• Anthony, Michael. Historical Dictionary of Trinidad and Tobago. London: The Scarecrow Press, 1977. 310 - 311, 312 - 313

Senator Mark Thomas Inskip Julien was born March 6th 1910 and attended the Arouca Boys’ R.C. school as well as St. Mary’s College. From August 10th 1935, he served as a Solicitor of the Supreme Court of Trinidad and Tobago and was President of the Law Society for 30 years. He was also close friend and chief legal adviser to the late Dr. Eric Williams.

In August 1971, he was awarded Chaconia Medal (Gold) for Law and in 1976 played a valuable role at the 1976 Law Conference in Chaguaramas. Mr. Julien was an Independent Senator in the Parliament of Trinidad and Tobago from 1957 to 1976. He died on February 4th 1985.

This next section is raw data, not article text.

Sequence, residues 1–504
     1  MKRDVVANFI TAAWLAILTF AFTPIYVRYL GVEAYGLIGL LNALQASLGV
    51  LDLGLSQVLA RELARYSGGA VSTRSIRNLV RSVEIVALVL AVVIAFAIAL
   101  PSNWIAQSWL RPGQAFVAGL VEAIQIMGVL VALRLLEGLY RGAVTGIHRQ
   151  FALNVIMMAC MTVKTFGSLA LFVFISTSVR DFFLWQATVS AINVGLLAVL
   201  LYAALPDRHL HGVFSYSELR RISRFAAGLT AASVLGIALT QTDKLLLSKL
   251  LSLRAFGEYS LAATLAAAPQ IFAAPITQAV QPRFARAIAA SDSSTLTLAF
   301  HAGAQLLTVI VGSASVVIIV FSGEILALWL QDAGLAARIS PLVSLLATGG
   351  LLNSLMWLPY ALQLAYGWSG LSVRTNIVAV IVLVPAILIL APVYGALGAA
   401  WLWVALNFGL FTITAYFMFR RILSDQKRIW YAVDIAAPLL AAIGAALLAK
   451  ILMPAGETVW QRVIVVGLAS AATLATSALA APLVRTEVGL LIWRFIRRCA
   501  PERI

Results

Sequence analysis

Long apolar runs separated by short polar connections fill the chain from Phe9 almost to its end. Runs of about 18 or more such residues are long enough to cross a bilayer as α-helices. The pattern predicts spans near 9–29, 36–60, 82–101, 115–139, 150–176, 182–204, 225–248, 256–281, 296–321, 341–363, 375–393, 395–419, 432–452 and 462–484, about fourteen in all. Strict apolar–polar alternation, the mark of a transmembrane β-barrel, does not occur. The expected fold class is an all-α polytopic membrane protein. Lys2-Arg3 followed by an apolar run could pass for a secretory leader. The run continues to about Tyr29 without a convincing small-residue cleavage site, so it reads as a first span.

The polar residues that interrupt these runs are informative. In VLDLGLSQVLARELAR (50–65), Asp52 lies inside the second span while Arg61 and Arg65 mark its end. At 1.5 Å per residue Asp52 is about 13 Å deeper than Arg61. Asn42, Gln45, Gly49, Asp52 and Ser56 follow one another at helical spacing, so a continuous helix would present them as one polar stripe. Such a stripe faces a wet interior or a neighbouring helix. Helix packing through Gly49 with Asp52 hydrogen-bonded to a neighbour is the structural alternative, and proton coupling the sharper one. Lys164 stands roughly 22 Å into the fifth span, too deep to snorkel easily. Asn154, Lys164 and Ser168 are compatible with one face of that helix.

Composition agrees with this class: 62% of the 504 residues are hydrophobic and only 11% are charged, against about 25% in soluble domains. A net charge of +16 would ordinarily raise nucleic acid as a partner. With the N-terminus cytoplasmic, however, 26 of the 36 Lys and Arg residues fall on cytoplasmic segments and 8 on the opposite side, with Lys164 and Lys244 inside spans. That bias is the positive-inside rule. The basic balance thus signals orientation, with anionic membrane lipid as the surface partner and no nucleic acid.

• Khan, Carlton.  “Julien Dies at NIPDEC House.” Trinidad Express 5 February 1985: pg 3

LENNOX KILGOUR (Weightlifting)
Lennox Kilgour, popularly known as "Gour", was born on May 5th, 1928 and commenced his weightlifting career at the tender age of 15. In 1946, he won the Trinidad and Tobago Junior Championships but suffered defeat in the Senior Championships.

Kilgour made his international debut at the Central American and Caribbean Games in Guatemala in 1950. From there he went on to the Pan American Games in 1951 where he came second to John Davis of the United States in the heavyweight division. He followed this up winning bronze at the Helsinki Olympics of 1952. "Gour" finally gave up competitive lifting after the 1956 Olympic Games held in Melbourne, Australia, when he came sixth in his event.

See more information on Trinidad and Tobago's Olympic medalists